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Month of Thanks 2014 Spotlight: David Reese, East Durham Children’s Initiative

By Chris Privett | November 24, 2014 | Corporate Citizenship

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It may sound strange, but David Reese, president and chief executive officer of the East Durham Children’s Initiative (EDCI), isn’t interested in helping children escape their impoverished neighborhood: “I want this to be the kind of place that people don’t want to escape from. I want to change people’s way of thinking so that they’re not desperate to get away from here – they’re desperate to come back after they’ve completed their education, to help make this a more vibrant community.”

David – honored BCBSNC as a Community Champion during this Month of Thanks – sees himself as a “traffic cop” of community services in the 120-block area served by EDCI, a community agency that aims to help children successfully graduate from high school, fully prepared for college or a career. “We want to do things the Durham way,” he explains. “That means bringing together the agencies and the people who are good at what they do and putting them in a pipeline within a geographic area in need. Let’s all agree to set aside ego and put kids first.”

EDCI’s partners span a broad spectrum of services, from early childhood interventions, parent and family support, after-school and summer programs, literacy assistance, health and nutrition services, arts programs and community outreach.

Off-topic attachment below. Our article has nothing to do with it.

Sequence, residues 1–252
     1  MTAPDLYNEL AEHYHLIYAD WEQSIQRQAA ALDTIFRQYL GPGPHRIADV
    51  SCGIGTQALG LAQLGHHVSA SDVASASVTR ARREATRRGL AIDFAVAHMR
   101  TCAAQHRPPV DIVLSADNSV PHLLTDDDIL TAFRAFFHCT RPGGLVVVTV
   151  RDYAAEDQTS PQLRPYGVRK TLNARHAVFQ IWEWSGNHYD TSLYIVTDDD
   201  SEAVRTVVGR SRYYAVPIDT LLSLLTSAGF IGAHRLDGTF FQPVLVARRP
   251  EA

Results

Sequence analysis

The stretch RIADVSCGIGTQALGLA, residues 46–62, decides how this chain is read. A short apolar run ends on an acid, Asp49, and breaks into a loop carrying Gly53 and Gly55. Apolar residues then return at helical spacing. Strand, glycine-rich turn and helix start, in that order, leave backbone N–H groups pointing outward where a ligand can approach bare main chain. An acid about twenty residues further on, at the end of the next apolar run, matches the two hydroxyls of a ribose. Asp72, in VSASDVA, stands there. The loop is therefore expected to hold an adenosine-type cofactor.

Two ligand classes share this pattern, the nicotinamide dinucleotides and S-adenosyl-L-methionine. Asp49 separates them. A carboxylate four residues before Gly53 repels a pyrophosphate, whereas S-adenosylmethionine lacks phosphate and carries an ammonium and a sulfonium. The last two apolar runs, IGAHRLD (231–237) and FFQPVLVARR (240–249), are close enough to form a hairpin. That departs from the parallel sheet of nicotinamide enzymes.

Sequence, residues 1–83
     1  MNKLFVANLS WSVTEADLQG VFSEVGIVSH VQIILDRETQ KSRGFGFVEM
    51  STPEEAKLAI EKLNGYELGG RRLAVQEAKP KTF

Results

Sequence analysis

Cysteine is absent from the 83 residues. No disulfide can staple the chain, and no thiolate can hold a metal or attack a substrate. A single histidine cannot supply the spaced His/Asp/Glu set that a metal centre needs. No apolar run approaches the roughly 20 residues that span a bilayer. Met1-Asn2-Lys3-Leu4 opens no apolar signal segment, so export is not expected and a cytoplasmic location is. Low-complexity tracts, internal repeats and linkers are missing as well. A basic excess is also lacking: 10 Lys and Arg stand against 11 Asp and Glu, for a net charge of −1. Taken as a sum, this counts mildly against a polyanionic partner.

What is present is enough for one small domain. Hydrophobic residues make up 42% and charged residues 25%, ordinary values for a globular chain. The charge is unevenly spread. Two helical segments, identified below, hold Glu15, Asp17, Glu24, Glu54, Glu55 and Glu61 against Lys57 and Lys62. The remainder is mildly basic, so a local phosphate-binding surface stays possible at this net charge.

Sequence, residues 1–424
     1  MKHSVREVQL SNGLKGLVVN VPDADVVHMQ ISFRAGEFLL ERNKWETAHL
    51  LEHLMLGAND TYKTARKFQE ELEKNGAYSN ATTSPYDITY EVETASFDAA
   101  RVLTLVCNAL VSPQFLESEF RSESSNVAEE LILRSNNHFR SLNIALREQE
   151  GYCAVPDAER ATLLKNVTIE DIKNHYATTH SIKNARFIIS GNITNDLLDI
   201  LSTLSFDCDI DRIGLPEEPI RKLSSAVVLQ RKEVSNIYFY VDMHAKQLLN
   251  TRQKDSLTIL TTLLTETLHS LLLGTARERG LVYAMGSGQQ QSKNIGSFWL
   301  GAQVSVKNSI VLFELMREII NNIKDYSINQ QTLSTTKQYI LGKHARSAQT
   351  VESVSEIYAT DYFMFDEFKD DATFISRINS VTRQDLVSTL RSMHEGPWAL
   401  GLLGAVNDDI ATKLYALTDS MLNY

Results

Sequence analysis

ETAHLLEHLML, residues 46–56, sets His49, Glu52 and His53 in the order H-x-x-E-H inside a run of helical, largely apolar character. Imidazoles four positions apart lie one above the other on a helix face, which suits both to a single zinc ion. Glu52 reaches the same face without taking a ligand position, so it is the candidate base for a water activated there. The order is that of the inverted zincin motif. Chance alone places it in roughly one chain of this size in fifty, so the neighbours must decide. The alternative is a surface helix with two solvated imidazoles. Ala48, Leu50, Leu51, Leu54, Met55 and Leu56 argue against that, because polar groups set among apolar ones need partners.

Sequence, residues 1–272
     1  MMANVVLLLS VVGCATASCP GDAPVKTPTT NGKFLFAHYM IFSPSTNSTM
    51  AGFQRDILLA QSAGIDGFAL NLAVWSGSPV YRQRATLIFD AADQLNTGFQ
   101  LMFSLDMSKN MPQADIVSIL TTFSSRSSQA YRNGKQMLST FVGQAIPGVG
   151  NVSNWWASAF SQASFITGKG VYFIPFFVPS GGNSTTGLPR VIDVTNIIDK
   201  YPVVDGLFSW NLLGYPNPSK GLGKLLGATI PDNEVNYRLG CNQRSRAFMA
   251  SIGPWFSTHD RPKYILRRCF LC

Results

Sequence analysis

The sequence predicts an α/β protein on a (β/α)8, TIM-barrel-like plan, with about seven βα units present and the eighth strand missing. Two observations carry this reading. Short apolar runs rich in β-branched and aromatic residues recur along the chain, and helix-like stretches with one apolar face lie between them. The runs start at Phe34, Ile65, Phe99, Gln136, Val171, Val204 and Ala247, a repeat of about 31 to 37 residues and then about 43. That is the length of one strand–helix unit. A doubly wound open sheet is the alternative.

Since David took on his leadership role at EDCI, the agency’s 1.2 square-mile service area has seen significant positive change, with test scores and other measures on the rise. “When EDCI started implementing programs in 2011, this neighborhood was #1 on the kinds of lists that nobody wants to top: crime, substance abuse, child abuse and neglect,” David says. “We knew that education was the key to creating opportunities for success and leadership. The first step in creating those opportunities is making sure children are healthy and ready to learn.”

The EDCI team knows that’s more difficult than it sounds. “This process takes a lot of work by a lot of people,” David says. “But the poverty cycle isn’t inevitable. Just because you grow up poor doesn’t mean that’s your destiny – I don’t care what the research says.”

David and the staff of EDCI aren’t deterred by the task facing them. In fact, David relishes the challenge: “You should wake up every morning excited to go to work. If you aren’t, you should question why you’re doing what you’re doing.”

Congratulations to Community Champion David Reese of Durham. To find out how you can help EDCI through a donation or volunteering, visit